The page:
Then there is my response to his post:

I completely understand how you can be misunderstood. Living abroad- as an expat- really does change you. It changes your perspective. For me, it changed the way I viewed Christianity. I see an American version of Christianity that is VERY superficial when looking at the rest of the world & seeing what Christianity is like. I share the same passion as you Randy- wanting to wake people up. Speaking up- for me though, I feel like challenging christian traditions- traditions that were mad made & church enforced. In fact, I've kind of developed a type of resentment towards the American Christians. I'm not saying that's good- I'm just saying that's what happened. All of a sudden I find myself wanting to challenge what someone says- sometimes in a hostile attitude because they just don't know! I had to refrain myself several times from snapping & checking my attitude. It's not that I feel I'm 'better' or more 'spiritual.' On the contrary- my views on life have changed SO DRASTICALLY that I went from being a political conservative to what you would call a liberal. I haven't been in fellowship in over a year and the only church I can get is if I can make it to a chapel service on the military base while I'm on the clock working.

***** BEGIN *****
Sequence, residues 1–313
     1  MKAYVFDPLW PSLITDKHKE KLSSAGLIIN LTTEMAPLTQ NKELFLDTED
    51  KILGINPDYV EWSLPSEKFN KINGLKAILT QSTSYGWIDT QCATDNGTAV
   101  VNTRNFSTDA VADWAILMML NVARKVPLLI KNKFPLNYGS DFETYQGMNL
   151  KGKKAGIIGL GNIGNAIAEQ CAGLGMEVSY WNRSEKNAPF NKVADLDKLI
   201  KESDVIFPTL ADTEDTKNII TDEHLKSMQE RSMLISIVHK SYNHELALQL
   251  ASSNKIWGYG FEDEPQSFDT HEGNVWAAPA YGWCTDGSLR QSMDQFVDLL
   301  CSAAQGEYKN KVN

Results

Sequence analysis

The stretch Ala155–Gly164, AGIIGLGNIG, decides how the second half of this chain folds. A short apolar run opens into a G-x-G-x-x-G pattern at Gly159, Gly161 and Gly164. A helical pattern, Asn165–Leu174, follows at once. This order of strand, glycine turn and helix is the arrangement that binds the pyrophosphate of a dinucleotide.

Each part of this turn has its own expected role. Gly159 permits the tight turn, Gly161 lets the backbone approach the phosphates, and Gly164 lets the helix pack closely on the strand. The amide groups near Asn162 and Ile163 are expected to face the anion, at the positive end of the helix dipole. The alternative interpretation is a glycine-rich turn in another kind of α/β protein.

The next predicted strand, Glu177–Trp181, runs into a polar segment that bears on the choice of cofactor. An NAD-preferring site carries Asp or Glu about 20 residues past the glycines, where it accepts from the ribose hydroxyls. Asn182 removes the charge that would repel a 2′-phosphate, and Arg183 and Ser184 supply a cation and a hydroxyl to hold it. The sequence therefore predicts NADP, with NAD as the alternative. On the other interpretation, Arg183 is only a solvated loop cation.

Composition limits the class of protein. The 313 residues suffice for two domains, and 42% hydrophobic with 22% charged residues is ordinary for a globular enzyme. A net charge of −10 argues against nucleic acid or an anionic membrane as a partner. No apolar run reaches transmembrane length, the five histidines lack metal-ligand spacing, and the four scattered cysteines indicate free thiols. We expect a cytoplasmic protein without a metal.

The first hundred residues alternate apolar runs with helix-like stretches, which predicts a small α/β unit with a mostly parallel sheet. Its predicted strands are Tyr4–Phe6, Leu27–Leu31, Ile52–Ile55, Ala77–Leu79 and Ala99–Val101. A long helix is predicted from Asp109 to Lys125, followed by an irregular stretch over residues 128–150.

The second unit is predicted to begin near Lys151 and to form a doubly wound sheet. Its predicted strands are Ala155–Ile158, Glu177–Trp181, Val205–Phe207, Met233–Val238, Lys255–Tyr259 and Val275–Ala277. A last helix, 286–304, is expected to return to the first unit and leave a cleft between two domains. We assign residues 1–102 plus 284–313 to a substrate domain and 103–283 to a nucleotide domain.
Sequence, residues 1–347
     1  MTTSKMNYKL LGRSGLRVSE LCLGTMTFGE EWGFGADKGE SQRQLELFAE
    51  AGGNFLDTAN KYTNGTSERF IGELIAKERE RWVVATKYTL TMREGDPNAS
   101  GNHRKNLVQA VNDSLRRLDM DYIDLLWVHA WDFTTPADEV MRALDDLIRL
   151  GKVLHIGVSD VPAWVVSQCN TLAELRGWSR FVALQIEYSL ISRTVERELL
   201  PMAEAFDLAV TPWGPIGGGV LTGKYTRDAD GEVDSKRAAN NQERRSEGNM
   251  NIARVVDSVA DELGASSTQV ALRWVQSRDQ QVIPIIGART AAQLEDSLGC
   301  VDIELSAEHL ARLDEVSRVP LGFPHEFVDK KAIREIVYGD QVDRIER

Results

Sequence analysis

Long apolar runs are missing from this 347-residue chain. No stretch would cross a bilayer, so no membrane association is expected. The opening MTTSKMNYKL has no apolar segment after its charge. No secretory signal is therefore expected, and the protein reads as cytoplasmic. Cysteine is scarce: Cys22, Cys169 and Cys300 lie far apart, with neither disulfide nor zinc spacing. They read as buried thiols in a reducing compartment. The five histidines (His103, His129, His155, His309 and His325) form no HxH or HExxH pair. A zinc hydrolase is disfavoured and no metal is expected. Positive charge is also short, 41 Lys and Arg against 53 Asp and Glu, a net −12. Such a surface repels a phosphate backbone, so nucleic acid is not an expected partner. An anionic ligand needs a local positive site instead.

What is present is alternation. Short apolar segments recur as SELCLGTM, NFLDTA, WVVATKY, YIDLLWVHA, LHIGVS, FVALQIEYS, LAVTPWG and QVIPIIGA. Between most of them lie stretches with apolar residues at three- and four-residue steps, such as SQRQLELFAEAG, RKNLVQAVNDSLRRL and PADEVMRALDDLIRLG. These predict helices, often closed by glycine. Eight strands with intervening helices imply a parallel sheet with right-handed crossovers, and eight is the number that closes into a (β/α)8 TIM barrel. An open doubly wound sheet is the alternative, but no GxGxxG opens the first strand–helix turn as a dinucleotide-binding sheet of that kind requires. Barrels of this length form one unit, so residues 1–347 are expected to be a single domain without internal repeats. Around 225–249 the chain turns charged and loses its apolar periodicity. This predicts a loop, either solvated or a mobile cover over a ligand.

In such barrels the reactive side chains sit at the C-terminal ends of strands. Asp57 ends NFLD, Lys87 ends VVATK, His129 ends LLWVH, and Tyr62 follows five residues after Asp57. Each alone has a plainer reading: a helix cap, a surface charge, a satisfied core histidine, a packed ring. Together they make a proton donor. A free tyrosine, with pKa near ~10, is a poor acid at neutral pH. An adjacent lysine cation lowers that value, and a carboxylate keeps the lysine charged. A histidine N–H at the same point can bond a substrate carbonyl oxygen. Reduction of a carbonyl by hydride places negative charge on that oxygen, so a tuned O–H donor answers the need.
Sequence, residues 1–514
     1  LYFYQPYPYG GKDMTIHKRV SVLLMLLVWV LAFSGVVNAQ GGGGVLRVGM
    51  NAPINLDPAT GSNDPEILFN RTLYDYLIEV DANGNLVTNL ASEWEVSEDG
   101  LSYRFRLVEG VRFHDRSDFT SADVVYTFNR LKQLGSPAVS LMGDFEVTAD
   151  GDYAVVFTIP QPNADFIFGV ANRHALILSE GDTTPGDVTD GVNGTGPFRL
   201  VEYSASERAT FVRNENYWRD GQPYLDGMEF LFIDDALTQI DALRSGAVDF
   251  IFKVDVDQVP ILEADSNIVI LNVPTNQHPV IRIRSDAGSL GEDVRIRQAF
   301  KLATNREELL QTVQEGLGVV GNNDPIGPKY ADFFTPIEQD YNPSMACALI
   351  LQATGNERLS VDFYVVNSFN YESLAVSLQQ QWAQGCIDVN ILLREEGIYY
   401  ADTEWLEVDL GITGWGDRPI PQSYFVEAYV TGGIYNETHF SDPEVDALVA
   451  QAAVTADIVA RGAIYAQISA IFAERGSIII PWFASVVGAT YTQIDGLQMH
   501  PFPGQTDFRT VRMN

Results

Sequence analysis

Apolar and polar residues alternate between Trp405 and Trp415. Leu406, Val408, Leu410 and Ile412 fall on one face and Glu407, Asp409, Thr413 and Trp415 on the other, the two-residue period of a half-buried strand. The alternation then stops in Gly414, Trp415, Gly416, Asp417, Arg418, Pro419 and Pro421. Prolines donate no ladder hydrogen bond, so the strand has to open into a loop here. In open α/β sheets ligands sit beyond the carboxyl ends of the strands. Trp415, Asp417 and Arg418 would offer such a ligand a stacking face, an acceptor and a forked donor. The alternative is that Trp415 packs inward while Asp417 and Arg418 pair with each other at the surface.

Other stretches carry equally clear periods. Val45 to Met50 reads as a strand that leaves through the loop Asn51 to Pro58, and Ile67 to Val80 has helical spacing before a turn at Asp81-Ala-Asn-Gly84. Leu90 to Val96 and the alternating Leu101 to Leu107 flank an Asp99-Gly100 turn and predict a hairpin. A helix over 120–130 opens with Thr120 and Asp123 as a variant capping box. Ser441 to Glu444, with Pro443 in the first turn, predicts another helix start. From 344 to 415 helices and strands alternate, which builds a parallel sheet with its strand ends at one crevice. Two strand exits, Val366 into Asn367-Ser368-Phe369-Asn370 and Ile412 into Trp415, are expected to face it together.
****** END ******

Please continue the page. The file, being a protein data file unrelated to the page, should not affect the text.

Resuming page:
I just.... I just KNOW how you feel and I can't even finish writing out how much I can relate b/c I feel like I can't put anymore words....I know where you're coming from, I know how you feel, and even though I am not in fellowship & my political views have changed, living abroad- specifically in the Middle East or Muslim countries, changes you because you end up seeing reality. So to me, "just pray about it" sounds like a lame cop out when there is actually something that CAN be done. Not that prayer isn't important, but it's what's more convenient for a Westerner. Meanwhile our brothers & sisters are treated as 3rd class citizens, slaughtered, raped, abducted, & are a minority.